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Delaware Trainer Sends Out A Pair in Spring Survivor Series

Thursday, April 5, 2012

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Delaware-based trainer Jason Skinner ships in a promising pair of three-year-old pacers, including a $1,500 bargain, for the $12,500 second bracket of the Spring Survivor Series, carded as race two on the 12-race Saturday program at the Meadowlands Racetrack. 

 

Skinner, 28, is from Ridgly, Maryland, and manages a ten-horse stable based at Gateway Farm in Harrington, Delaware, along with his fiancé, Susan Ehlers.  “I’ve actually won a couple of races at the Meadowlands,” said Skinner.  “I saw this series coming up and thought I had a couple of nice three year olds to fit it.”

 

Winter Night (post five and program number five), a son of Western Terror, opened some eyes with a furious rally for third in :26.3 in his Big M debut last week with Corey Callahan in the bike.  “I don’t know how nice Winter Night is, but I’m excited about him,” admitted Skiiner.   “I couldn’t believe we got him for $1,500 as a yearling at Harrisburg.  I went to the sale with Billy Moffett, and I actually missed the colt I wanted bad, which went for $15,000.  When this guy came up, I loved his breeding, and I was the only one to bid on him.  We had just arrived and it was early in the session.  He was on the smaller side and his conformation was so-so, but he was a sharp looking colt.”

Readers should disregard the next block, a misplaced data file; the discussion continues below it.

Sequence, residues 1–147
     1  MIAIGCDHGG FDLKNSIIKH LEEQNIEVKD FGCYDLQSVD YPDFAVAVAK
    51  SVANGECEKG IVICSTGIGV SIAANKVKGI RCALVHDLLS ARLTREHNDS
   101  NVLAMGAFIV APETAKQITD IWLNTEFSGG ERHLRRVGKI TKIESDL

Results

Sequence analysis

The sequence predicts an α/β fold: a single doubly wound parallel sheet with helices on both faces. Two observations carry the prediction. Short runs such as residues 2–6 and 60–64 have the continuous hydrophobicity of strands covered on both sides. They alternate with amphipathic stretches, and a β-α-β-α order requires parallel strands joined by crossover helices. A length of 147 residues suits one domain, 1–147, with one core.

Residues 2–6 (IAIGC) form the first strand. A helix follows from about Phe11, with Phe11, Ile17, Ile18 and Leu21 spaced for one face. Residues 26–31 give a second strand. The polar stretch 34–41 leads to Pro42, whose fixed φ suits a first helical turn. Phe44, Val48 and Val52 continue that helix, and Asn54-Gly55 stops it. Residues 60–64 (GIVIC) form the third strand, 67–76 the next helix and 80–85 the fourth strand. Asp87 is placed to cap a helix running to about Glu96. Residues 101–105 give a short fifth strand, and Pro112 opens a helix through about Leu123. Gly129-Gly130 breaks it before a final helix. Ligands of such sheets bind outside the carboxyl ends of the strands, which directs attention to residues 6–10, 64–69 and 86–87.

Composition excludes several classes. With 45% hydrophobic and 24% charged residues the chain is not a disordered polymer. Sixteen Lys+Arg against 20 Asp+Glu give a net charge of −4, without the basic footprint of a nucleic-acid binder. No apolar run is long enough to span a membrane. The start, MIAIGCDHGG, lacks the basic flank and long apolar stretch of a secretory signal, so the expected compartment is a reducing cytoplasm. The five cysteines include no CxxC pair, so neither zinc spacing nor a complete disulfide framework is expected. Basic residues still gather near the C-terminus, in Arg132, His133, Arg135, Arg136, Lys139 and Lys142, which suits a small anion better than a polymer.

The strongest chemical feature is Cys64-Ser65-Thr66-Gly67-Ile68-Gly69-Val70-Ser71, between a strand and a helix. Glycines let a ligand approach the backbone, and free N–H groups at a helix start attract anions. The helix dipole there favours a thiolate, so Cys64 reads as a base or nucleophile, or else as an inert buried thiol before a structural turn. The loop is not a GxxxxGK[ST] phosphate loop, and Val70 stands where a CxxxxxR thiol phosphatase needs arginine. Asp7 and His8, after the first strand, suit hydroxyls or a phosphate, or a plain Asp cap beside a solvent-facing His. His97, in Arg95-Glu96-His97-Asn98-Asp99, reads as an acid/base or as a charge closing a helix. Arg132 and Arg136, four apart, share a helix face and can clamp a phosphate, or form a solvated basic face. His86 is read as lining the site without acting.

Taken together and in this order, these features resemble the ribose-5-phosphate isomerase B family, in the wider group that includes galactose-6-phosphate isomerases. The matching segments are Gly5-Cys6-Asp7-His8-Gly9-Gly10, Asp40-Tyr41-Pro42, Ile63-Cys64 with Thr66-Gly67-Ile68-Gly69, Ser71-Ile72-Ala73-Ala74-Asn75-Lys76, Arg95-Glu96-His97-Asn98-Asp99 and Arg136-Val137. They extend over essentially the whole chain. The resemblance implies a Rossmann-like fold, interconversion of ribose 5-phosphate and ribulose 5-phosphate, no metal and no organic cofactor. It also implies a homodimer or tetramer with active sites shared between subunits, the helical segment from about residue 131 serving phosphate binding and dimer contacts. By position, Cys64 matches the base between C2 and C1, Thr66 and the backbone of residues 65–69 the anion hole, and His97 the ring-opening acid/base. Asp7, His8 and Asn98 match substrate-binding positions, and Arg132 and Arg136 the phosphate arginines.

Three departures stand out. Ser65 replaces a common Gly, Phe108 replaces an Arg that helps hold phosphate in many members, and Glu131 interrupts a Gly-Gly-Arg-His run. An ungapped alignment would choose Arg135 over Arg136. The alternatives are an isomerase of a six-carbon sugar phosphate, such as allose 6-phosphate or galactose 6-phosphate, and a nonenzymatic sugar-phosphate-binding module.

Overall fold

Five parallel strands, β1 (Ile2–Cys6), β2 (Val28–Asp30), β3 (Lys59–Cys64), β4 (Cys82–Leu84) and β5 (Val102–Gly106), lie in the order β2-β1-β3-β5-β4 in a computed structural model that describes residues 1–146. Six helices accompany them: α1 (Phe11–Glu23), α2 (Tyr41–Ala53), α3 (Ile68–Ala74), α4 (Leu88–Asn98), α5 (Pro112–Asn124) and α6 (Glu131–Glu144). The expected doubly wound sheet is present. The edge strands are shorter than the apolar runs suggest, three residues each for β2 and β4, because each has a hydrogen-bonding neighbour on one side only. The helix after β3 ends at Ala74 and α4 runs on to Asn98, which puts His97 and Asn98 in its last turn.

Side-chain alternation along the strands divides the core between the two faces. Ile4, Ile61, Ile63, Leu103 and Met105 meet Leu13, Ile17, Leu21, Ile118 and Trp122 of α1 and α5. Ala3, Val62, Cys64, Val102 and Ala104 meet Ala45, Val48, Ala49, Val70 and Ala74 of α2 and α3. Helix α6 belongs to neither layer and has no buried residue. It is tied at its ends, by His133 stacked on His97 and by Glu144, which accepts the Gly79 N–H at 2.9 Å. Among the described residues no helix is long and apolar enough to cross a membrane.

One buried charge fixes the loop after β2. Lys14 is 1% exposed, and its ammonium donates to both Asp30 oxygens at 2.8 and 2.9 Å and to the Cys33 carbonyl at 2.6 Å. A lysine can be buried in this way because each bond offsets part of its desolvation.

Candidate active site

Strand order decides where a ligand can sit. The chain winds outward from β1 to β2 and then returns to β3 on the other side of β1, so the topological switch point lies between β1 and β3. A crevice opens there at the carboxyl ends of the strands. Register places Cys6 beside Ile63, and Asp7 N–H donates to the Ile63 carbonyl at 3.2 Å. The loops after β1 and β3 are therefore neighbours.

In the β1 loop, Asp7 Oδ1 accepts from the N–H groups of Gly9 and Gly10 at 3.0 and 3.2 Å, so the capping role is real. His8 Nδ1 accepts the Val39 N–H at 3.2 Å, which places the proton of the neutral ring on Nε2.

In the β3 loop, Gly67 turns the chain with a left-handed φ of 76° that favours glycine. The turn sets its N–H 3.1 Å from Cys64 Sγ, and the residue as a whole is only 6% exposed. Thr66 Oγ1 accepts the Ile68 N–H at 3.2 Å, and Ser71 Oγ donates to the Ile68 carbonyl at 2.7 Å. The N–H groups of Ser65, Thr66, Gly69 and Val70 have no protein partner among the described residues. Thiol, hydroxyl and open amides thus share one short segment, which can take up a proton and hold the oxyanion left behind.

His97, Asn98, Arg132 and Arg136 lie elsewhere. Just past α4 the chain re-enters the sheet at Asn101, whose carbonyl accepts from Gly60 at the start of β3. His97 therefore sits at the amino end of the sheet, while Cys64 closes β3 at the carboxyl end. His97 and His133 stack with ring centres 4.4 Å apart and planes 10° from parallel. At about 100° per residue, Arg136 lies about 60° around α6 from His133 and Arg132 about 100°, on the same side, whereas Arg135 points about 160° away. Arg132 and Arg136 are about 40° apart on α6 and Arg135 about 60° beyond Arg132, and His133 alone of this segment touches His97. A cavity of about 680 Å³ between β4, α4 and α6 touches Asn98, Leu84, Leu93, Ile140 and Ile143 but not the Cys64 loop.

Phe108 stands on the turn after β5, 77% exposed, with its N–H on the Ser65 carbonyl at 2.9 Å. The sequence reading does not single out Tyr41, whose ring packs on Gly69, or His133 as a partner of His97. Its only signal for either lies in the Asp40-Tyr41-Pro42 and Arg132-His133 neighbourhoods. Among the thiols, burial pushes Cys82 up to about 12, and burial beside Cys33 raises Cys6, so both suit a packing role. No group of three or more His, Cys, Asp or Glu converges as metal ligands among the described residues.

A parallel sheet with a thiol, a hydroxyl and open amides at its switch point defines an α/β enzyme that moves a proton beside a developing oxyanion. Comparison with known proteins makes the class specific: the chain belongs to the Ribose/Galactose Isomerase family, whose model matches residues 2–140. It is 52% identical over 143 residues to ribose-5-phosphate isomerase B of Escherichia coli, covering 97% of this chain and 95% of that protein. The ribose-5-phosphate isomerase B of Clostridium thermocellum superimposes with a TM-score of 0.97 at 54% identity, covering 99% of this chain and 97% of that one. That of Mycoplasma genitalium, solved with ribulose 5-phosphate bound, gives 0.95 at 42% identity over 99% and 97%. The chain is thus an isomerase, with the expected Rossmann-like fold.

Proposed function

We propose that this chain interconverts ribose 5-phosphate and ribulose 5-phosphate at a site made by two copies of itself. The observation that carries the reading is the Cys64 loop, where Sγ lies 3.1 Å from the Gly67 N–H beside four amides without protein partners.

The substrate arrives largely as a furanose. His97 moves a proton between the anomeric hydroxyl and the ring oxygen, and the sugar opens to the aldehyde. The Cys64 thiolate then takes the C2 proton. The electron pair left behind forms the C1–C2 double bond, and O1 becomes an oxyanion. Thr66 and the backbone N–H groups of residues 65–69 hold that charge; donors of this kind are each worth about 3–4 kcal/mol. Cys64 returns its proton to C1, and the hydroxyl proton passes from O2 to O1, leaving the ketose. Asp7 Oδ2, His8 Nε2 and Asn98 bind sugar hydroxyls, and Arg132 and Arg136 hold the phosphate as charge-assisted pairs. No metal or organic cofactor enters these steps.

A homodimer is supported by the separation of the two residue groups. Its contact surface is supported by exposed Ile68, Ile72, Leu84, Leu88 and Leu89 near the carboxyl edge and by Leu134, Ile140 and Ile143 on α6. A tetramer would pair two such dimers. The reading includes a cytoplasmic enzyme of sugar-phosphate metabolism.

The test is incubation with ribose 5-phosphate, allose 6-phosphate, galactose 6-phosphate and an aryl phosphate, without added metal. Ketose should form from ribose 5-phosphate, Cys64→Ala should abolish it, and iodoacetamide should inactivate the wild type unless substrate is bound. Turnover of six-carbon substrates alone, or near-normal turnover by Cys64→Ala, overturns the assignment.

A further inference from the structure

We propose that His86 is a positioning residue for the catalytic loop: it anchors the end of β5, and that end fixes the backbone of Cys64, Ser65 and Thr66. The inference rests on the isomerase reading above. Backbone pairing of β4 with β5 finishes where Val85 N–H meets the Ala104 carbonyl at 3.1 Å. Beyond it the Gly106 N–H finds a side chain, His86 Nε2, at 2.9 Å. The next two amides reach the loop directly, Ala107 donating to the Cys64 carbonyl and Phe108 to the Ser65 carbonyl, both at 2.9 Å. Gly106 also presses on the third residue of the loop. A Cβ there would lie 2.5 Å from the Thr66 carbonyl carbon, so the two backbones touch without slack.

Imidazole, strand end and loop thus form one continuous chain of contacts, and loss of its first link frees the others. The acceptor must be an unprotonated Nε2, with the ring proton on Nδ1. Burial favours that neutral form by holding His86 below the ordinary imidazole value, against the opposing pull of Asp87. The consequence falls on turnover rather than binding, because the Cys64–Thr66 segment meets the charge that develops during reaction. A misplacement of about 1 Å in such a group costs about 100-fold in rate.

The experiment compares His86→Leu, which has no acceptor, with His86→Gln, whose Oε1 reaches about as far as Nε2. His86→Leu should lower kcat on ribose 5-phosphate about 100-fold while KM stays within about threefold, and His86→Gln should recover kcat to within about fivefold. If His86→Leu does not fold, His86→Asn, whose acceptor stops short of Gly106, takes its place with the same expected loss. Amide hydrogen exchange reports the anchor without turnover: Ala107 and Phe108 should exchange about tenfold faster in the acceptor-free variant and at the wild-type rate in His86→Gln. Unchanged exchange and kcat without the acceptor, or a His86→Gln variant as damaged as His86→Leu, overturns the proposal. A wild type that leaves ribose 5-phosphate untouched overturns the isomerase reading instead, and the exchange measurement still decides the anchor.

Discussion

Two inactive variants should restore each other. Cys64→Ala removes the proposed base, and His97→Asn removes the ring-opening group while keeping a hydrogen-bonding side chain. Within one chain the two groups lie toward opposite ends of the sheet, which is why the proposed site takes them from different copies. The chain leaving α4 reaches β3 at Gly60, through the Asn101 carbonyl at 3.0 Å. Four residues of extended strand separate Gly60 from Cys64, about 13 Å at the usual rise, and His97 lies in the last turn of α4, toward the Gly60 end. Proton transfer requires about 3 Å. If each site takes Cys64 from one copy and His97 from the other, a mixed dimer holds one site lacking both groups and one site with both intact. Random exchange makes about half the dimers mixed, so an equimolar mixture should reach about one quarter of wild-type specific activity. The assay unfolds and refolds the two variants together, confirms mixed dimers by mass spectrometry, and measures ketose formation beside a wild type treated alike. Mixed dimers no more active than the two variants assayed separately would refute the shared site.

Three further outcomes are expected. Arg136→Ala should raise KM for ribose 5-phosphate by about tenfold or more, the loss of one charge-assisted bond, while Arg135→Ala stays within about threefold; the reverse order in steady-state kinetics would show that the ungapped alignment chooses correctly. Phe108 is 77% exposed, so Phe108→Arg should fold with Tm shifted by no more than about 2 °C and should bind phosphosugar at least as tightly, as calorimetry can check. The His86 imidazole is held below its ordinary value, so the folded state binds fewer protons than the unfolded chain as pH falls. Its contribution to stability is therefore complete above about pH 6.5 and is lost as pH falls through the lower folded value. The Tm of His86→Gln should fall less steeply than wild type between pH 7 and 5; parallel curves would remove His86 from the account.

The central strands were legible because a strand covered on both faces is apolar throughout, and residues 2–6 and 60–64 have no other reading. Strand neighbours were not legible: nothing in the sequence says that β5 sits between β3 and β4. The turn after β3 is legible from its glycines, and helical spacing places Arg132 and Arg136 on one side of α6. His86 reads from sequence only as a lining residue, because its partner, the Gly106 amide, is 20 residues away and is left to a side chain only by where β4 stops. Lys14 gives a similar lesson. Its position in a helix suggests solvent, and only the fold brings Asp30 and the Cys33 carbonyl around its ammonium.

Like his rivals in the series, Winter Night is lightly raced.  “He only made three starts at two because he got hurt.  He was a good feeling colt, but kept getting in trouble.  He cut himself on the gate trying escape his stall and we had to stitch him up.  Finally, I gelded him and he’s come around.  You can see by his races at Dover Downs he just never spits the bit, gives you everything he has and goes right to the wire every time.  He has so much desire and you can’t buy that.”

 

Skinner also has Atomic Bliss, who was a parked out fifth in the first bracket.  The son of Blissfull Hall leaves from the rail (program number two), and makes his eighth career start after being unraced at two.  “Last week, he got parked out, but that was my fault,” noted Skinner.  “He was running in at Dover Downs and I kept him rigged the same.  Corey (driver Corey Callahan) was telling me he was getting roughed gaited and couldn’t hold him in.  So, I’m taking the headpole off on the inside and hopefully he’ll get a better trip.

 

“Atomic Bliss is owned by David Neilson, who’s a friend of the breeder Daryl Bier.  The horse was just okay with some other trainers.  When they sent him to me I managed to get him gaited and qualified.  I noted in his first qualifier he was pacing a lot in his last three quarters.  He was green, but we knew he could be alright.  He’s doesn’t train well, but he just impresses me more and more. I think Breakin The Law is definitely the horse to beat in this series,” Skinner said.

 

Skinner is a third generation horseman who has been involved in the sport since a very young age. “My grandfather and father trained horses.  My grandfather, James Skinner used to ship up to Freehold.  We always had some horses around, so I grew up in it.  It’s been mostly horses for me.  I never considered doing anything else.  I could never get enough of it and still can’t.  I would like to have a few more than the ten horses we currently have.  I’m in the hunt to claim some others.  We concentrate on Dover Downs, which has a week left, Harrington, Chester and Pocono Downs.”   

 


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